Add to Google

The Best Gettier Problem Ever!

Every day, I put my keys in a bowl by the door. I live alone and have the only keys to my apartment.

In the morning, I wake up and know the keys will be there. I reason: Because I put the keys in the bowl last night, they will be in the bowl this morning.

But! Unbeknownst to me, my enemy, Dr. Doom, has a bowl-making factory where the bowl that I use was made. Knowing I own such a bowl, he rigged it so that when the keys are placed in it, it activates a timer so that 4 hours later, when I’m asleep, the keys are teleported to the north pole.

But! My allies in the Justice League knew of Dr. Doom’s plans, and, unbeknownst to me, they put a special tracker on my keys. Every time the keys are teleported to the north pole, the tracker is activated, and Batman’s teleportation satelite beam hits it and teleports the keys back to wherever they were before they were teleported to the north pole, in this case, the bowl by my door.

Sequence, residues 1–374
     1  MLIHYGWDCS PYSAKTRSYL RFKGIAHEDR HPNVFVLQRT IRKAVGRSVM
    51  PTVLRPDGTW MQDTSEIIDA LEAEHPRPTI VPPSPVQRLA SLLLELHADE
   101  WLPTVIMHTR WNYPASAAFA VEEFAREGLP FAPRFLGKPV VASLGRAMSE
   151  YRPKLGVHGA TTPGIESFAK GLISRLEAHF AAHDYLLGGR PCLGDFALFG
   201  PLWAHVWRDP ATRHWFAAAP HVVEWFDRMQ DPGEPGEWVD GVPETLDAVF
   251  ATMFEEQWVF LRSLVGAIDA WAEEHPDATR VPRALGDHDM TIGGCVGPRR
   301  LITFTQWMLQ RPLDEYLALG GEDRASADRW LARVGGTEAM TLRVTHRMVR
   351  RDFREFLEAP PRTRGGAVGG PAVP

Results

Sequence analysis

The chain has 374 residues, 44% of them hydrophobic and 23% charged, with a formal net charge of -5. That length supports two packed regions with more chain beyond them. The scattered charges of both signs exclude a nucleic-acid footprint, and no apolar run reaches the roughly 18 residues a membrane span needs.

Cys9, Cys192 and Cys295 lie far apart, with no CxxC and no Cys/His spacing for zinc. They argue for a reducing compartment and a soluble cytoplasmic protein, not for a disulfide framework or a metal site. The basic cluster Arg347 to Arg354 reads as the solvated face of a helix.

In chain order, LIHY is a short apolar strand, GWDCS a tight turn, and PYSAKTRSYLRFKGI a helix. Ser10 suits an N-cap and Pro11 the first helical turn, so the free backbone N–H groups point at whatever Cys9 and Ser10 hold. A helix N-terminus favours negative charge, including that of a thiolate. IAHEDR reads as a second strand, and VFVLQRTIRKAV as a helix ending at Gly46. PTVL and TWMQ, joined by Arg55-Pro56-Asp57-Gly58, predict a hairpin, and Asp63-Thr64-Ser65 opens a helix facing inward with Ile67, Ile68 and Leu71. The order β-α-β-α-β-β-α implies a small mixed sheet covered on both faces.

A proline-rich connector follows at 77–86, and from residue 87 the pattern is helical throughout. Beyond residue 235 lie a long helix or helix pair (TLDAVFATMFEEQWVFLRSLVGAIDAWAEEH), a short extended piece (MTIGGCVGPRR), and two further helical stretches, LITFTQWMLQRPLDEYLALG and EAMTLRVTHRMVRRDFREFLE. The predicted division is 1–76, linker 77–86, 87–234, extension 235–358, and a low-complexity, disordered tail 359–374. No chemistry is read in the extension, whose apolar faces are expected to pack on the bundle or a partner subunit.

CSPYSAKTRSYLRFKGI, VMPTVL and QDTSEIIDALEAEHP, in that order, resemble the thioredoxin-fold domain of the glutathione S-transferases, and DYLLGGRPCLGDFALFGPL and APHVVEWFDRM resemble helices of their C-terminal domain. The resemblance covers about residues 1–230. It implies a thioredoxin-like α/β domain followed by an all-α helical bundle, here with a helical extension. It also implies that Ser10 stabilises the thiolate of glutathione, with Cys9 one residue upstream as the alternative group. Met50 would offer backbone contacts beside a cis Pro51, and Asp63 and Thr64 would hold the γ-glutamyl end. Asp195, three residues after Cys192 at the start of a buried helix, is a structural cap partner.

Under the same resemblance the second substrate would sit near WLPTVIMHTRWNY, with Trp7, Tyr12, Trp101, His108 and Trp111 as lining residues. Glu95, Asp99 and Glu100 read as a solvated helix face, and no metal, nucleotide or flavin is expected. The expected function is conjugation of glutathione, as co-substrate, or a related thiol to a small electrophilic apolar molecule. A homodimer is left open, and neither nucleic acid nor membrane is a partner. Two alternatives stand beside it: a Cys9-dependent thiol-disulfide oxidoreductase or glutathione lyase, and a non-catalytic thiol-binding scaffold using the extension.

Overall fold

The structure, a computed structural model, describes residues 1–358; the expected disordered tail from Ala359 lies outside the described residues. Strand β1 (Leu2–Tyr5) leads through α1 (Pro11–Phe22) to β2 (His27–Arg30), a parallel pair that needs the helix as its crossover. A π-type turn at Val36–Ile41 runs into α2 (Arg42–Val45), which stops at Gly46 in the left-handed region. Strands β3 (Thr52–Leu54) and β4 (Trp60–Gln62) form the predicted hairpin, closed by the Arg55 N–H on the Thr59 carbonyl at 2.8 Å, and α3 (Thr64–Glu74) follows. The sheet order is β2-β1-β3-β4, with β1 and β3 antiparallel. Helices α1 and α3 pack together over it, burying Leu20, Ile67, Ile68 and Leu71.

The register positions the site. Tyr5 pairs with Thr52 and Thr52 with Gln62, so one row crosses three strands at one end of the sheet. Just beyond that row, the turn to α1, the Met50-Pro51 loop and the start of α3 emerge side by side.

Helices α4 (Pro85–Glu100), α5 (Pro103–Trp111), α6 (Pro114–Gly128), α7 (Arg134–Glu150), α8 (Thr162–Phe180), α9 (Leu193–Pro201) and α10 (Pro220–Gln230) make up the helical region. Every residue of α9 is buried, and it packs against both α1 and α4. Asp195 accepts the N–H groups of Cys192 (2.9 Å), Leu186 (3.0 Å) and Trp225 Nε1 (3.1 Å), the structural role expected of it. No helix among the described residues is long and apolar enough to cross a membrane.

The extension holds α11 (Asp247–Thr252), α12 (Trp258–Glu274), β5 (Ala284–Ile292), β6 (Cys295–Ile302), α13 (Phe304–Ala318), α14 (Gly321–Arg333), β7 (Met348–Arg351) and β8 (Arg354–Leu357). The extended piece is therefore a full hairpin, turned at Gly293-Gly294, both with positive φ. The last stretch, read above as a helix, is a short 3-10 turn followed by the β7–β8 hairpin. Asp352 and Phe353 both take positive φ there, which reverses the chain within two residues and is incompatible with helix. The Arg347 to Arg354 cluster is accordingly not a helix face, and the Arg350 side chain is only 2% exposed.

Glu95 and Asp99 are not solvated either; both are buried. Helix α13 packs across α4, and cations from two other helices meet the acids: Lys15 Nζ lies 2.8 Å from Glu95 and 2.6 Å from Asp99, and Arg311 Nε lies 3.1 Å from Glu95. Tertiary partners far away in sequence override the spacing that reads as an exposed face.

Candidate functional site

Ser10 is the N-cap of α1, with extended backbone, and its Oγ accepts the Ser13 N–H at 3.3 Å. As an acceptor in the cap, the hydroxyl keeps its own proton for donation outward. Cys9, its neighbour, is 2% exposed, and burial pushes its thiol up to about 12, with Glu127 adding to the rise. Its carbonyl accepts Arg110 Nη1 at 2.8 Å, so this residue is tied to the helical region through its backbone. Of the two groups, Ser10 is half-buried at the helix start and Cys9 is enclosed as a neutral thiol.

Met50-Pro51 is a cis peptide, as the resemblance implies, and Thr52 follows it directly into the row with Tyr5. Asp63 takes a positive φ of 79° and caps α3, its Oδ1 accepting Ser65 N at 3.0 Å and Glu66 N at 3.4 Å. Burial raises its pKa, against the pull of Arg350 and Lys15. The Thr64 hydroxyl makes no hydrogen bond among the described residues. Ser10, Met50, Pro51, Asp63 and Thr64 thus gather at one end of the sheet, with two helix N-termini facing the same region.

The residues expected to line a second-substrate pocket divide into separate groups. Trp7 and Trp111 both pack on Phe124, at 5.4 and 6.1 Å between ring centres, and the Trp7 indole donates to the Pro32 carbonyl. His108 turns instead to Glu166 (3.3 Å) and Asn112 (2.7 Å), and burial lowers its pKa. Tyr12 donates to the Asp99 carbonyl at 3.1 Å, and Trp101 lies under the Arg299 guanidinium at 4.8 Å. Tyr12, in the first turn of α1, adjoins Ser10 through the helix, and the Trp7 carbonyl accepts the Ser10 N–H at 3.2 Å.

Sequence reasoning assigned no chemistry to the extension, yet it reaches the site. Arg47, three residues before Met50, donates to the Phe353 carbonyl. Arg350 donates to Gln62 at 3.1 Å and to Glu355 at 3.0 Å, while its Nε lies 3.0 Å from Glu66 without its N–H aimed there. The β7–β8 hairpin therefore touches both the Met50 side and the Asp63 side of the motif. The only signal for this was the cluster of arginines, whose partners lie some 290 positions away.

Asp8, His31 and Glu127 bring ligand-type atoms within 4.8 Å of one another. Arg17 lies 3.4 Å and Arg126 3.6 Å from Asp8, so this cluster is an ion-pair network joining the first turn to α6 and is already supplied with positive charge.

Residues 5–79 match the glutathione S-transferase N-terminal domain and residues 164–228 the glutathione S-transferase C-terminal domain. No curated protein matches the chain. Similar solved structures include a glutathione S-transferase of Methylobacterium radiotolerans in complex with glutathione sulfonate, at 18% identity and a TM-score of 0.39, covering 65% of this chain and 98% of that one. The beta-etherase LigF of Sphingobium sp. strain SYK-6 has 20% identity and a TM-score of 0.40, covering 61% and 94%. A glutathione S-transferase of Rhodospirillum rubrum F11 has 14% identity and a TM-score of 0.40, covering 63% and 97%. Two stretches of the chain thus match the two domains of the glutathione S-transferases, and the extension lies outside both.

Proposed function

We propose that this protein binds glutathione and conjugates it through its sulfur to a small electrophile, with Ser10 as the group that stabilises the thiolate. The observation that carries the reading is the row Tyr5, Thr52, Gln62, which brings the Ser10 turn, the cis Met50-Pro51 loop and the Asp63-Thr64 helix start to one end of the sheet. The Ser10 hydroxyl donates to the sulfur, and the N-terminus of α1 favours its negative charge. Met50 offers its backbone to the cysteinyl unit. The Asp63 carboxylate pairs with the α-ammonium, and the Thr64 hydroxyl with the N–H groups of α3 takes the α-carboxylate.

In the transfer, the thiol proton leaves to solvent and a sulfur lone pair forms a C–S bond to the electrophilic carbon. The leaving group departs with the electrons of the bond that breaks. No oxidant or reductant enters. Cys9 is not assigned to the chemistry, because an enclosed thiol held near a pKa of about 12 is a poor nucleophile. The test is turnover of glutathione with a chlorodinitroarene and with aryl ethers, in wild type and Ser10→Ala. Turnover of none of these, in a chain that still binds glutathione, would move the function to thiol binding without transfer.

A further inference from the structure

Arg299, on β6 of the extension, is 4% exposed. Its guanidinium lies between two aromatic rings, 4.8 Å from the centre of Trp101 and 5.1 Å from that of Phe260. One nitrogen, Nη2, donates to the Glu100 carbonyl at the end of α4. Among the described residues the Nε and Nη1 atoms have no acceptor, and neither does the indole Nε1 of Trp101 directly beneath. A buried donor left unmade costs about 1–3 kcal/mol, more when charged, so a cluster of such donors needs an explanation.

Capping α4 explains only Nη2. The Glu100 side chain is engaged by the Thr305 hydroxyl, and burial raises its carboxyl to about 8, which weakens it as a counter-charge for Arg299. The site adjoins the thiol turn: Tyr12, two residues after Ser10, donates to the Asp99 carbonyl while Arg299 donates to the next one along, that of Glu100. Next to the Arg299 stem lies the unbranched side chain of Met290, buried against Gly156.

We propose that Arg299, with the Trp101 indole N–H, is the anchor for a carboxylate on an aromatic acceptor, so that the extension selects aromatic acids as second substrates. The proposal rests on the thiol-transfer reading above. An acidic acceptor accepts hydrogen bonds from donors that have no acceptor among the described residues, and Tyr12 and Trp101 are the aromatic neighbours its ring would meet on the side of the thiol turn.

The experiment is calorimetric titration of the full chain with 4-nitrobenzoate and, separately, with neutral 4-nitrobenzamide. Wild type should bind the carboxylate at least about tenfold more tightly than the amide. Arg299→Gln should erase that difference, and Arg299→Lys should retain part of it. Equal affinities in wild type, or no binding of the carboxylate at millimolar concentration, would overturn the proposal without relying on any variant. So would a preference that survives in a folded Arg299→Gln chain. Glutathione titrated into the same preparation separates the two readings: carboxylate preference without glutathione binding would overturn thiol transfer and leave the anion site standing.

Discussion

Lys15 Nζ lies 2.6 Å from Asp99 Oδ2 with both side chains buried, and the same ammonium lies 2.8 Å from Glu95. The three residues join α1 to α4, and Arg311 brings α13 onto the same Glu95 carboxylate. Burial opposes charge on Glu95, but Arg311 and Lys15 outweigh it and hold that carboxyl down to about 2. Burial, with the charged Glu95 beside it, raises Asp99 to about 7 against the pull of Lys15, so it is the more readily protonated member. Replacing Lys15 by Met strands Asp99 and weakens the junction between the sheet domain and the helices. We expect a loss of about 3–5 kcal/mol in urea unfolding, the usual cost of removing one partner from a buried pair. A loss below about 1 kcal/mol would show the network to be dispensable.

So it is true that my keys are in the bowl by my door because I put them there…if I’d put them elsewhere, they wouldn’t be in the bowl!

Not only is my belief true, the justification for my belief is true, and it is in fact justificatory for my belief. Further, it correctly asserts a causal relation that explains (in part!) why my keys are in the bowl. Of course, no description of a causal chain is complete, so the fact that mine is missing some small elements is hardly a mark against it!

(The point of this Gettier problem is two-fold: 1: to show that Gettier problems are silly, and involve situations that never occur. No definition is perfect, especially not for a natural language concept, so we can expect that with a lot of work, we can come up with obscure counter-examples to any def. of knowledge.

2. As an example of a Gettier problem where all true claims are used in the justification, and the justificatory claim is causally related to the knowledge claim.)